You might be wondering how is that using the free-to-play players. Well, it just so happens if I time things right. I could take a break on the last level of an episode. Come back in to crush it. I then would get placed into another episode race.
I would be using my remaining free extra moves over other players in that race (assuming they were not grouping up all the returning players into the same races to keep things fair to everyone else playing). Where I would skyrocket past everyone like I was a spender to number one in that race.
Naturally, this was not enough to win me the race. I would have to start spending gold bars and other resources if I truly wanted to win the race. My sudden rise out of nowhere usually seemed to bait the person in second place who usually had quite the lead by the time I joined when I knocked them out of first. Who suddenly found themselves now losing that race.
I can only make an assumption that said second-place player then would go on a spending spree of resources or even spend real money on the game to surpass me. As it is quite easy in this game to fall into the trap of I already spent X amount of gold bars or money to win more gold bars and if I just spent a couple more I would win back first place the main prize.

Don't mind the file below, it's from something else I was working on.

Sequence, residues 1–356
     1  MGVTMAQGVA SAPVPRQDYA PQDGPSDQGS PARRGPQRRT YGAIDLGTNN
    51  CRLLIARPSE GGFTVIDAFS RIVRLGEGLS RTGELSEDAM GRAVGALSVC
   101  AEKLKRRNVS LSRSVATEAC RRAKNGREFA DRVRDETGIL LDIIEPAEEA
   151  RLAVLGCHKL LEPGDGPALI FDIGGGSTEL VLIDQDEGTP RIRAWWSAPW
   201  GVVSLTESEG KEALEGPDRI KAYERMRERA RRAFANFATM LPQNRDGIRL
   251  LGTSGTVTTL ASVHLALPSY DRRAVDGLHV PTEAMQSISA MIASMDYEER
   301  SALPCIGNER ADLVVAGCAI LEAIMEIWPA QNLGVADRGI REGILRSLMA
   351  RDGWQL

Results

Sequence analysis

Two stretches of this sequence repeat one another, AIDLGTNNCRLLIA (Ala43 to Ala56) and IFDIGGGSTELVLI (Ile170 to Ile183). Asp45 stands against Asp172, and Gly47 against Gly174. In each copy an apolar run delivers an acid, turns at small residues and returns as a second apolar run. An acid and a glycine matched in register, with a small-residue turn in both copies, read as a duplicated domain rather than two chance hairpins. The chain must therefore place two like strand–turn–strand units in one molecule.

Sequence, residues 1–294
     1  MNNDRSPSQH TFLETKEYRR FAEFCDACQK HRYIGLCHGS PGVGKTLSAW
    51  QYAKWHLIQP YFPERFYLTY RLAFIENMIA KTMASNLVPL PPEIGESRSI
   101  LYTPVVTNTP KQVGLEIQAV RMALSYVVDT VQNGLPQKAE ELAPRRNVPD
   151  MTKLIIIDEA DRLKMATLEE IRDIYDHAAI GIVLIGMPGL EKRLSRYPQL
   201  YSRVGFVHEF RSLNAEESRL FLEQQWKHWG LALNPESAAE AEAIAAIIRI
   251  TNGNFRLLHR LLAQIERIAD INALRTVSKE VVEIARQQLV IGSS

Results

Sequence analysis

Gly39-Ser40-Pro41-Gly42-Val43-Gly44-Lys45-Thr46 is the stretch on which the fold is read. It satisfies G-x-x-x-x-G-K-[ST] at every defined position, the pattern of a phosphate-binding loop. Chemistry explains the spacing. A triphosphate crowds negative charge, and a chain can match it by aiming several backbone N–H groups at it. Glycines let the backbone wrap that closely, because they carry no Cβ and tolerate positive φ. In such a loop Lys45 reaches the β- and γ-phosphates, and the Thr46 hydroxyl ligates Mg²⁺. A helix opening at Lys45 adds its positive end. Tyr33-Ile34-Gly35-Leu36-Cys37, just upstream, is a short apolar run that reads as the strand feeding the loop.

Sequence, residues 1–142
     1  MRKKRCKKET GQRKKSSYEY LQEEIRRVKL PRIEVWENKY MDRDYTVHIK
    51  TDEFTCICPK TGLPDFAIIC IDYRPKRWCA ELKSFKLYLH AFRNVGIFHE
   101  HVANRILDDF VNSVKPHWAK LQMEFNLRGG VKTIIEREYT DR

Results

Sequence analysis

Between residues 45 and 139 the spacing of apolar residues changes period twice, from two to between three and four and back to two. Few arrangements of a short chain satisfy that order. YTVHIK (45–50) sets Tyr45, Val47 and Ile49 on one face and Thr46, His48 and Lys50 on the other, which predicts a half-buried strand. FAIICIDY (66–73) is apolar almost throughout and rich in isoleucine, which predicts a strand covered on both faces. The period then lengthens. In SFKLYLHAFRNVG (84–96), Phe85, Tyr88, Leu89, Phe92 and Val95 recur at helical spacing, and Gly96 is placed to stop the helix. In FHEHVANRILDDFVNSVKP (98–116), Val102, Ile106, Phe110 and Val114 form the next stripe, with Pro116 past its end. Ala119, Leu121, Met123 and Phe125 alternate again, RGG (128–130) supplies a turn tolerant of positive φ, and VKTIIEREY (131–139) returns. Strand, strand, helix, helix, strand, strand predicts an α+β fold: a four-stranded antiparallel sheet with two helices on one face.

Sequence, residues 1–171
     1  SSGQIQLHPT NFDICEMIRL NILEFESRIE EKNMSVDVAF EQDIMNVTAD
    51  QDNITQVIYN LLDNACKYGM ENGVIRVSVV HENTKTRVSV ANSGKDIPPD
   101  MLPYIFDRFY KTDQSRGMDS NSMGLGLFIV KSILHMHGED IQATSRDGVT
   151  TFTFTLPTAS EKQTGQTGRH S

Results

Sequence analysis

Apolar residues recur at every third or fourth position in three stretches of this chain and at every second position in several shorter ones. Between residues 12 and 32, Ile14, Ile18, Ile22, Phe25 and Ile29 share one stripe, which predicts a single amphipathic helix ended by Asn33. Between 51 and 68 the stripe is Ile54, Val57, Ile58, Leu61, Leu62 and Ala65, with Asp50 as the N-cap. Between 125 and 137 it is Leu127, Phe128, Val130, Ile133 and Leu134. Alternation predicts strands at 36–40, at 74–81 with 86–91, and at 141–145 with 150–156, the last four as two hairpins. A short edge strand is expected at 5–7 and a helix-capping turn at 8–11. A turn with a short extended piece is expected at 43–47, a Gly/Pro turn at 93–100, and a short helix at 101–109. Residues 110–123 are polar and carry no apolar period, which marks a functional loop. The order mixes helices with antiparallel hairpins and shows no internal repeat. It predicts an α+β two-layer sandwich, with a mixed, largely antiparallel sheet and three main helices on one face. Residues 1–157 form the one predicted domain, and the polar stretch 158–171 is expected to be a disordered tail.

As naturally the more competition there was in a single race to try and win some free gold bars. The more spending and using of resources a player had to try and win them. Even more so if you could win a few of these races and get put into higher rewarding ones with even bigger spenders. How smart of the game to do so. Yet, how dirty of the game as well to take advantage of player's endless short-term needs for instant gratification and hits of endorphins from winning.
Needless to say, after a while I decided I was done for good with this game. The further I got which was not far. The more different kinds of tiles I would have to clear out had all different kinds of rulesets from what could even break them open to them expanding out to other tiles on the board.
It seemed like this game was not making it harder to play till I got better skill-wise and knowledge-wise at the game. It was getting harder to get me to spend all the resources I had won for free to the point of needing to spend money on the game to buy more. Otherwise, I’d just have to retry a level many times just to beat it till I got bored and took another long break from the game.
Screenshots were taken and content was written by @Enjar about Candy Crush Saga.